Amongst the widespread concerns of the environmentalists, anthropologists and proclaimers of the Anthropocene, there is one member whose voice is less audible and promoted: the voice of the solipsist, the individual. Sad About the Cows, written by Michelle Payne, provides an often neglected perspective of the self, the effects upon the singular individual, as opposed to the common collective, of drowning in an ocean of sociopolitical and ecological concerns.
This one-woman show is fiery and impassioning, but backhandedly so. It reveals the common contemporary struggles of fitting in, doing one's bit, striving for popularity and aiming for capitalist success. Its content is hence fresh and relatable. It follows the diets and jobs of celebrity-obsessed Rachel, played by Payne herself, revealing the dark truths of starving, fainting, vomiting and waking up prematurely in the middle of the night, all in order to be healthy, attractive and slim in a world demanding airbrushed beauty.
There were a few particularities in this writing, however, that stood out sorely. For instance, a lot of the speech was slightly more descriptive rather than demonstrative at many times. When referring to past experiences and events or interests and opinions, description was sufficient; however, in moments where, for example, Rachel is choosing what clothes to wear, a simple shift from 'I put on a t-shirt dress' to 'I put on this one' could have solved this problem. As it stood, this made for an incoherency of setting. Why such an elaborate bedroom/kitchen if Rachel does not exist in this space but flurries between locations? Perhaps a larger faux pas, however, was the sudden ending. After building such a rapport with Rachel and following her story throughout, it felt as though we were quite cheated by a small description of how everything has changed just before the play ends. This ending was much too sudden and felt inconclusive and underdeveloped.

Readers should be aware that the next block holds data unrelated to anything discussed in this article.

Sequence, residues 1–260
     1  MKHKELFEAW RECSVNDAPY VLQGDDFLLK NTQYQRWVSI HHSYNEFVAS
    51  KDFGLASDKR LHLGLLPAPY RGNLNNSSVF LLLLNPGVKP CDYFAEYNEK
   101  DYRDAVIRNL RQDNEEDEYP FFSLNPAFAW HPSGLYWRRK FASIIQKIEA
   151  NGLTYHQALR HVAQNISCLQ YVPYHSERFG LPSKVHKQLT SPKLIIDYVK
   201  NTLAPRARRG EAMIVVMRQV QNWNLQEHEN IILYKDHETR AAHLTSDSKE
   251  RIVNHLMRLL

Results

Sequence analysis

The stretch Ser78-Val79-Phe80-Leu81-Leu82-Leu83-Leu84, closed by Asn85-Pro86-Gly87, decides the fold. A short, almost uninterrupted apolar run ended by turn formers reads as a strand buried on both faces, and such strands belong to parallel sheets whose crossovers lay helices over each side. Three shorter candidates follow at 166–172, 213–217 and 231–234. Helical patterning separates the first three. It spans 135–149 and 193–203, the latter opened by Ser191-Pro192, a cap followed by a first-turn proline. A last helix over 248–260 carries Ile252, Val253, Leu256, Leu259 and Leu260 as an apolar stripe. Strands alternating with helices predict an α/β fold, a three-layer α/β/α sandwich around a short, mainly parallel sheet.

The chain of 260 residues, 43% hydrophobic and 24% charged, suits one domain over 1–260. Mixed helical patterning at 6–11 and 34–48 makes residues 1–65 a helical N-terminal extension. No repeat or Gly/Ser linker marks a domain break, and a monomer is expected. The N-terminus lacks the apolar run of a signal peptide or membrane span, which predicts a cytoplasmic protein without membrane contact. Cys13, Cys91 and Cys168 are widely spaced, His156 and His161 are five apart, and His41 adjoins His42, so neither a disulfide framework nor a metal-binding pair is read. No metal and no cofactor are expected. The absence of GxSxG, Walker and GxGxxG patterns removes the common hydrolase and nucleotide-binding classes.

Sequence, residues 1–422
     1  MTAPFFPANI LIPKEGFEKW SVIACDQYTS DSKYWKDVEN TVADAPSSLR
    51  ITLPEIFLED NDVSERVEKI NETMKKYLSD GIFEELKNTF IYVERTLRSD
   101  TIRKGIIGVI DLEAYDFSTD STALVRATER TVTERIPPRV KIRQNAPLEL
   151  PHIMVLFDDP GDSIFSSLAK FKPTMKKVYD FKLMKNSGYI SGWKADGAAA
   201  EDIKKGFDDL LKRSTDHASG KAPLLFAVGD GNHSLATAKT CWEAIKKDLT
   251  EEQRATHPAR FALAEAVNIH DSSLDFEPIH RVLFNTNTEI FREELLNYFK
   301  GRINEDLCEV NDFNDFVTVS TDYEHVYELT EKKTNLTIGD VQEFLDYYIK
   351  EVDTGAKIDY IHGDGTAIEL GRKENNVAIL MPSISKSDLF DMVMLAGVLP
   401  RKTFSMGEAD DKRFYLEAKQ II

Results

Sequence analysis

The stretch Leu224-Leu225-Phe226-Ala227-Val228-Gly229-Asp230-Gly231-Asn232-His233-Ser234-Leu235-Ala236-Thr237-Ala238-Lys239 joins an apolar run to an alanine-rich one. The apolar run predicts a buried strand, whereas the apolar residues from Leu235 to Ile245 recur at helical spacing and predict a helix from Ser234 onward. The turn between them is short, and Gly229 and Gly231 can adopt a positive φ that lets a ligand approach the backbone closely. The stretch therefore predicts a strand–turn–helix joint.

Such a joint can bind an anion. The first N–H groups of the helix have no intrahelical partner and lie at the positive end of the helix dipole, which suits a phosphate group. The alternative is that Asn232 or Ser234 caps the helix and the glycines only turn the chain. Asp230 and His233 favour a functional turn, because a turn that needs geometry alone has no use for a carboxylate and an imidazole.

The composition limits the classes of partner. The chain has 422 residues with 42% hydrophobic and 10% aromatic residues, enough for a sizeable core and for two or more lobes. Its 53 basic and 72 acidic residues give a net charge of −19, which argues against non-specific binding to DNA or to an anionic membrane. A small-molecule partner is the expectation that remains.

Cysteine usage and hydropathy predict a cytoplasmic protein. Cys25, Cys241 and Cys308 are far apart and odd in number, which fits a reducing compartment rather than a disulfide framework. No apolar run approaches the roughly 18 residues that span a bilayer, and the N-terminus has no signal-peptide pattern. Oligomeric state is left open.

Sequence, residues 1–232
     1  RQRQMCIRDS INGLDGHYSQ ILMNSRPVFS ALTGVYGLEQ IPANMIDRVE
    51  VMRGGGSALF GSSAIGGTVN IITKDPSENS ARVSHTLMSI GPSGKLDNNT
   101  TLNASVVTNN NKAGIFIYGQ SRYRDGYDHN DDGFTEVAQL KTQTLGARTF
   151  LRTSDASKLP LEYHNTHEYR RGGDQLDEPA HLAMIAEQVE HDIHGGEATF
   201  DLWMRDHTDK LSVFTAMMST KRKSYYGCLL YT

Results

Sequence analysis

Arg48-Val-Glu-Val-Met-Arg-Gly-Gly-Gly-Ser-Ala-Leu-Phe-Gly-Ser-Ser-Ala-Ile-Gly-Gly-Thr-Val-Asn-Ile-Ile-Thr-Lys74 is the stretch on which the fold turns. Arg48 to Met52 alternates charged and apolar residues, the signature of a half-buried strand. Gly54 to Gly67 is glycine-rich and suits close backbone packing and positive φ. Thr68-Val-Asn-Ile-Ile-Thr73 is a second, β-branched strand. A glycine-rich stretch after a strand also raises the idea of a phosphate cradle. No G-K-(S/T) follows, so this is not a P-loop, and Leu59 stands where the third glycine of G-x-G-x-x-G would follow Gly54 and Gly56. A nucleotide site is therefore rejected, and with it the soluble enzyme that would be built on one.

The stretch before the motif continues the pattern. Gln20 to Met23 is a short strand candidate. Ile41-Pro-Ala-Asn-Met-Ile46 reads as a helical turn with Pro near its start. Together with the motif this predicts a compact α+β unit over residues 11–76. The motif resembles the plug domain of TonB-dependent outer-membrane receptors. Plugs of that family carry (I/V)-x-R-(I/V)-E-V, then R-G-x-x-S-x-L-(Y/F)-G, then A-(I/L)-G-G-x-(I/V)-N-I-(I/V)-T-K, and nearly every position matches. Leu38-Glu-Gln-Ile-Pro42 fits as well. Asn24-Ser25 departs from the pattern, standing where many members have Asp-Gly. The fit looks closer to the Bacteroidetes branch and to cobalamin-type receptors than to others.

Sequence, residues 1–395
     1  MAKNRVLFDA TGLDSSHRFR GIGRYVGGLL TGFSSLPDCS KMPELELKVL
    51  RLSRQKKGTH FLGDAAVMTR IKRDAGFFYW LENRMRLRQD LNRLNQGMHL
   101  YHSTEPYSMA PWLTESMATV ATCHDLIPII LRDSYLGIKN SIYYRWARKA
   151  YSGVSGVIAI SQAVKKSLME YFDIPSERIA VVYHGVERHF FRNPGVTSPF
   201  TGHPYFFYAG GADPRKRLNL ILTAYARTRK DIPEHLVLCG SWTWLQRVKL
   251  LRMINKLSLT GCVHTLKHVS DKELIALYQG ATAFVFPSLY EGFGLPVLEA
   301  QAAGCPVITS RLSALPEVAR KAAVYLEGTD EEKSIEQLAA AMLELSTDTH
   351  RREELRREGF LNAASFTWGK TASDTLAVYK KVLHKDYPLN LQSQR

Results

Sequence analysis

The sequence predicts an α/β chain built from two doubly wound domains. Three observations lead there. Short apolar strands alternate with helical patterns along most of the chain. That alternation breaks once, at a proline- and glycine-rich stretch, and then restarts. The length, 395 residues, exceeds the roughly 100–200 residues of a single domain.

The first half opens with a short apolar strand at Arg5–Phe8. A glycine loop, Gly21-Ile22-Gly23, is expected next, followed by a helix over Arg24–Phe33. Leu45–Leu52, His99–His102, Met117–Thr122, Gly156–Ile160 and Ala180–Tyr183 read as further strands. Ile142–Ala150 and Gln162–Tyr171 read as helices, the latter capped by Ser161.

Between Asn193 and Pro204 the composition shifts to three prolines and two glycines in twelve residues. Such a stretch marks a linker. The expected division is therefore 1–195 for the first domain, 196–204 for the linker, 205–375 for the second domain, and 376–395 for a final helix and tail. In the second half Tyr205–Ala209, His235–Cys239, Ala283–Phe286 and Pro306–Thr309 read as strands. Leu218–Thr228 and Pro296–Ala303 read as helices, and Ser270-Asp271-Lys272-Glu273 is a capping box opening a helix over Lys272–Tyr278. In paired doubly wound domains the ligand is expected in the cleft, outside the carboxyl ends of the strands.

Payne was sure of her text, even if she stumbled over a few lines here and there, and this confidence came through in her characterisation. Rachel’s free spirit, energy and joy were definitely captured in Payne’s physicality, and it was very easy to feel connected with this character. I enjoyed that Payne stayed away from assuming different personae when explaining the characters of Laurence, Anna or her boyfriend. It made the descriptions far more personal, as though we were seeing the events through Rachel’s eyes and not through the simple, transformative eyes of a talented actress.
From time to time, Payne was somewhat mechanical, however, in her progression from one topic to another, aided by a small pensive pause and a return to face the audience. An example of how severe this became is in the first kitchen scene where she faces the wall to read her weekly food plan, turns around to face the audience to tell them what it says, then turns back to read it, etc. I would advise a reconsideration of the naturalism in this performance, as the manner of speaking and moving was far from naturalistic. In this instance, naturalism could be simply remedied by standing on the other side of the table, facing the audience. This would enable a subtle head turn, rather than an energised turn of the entire body, to get the message across.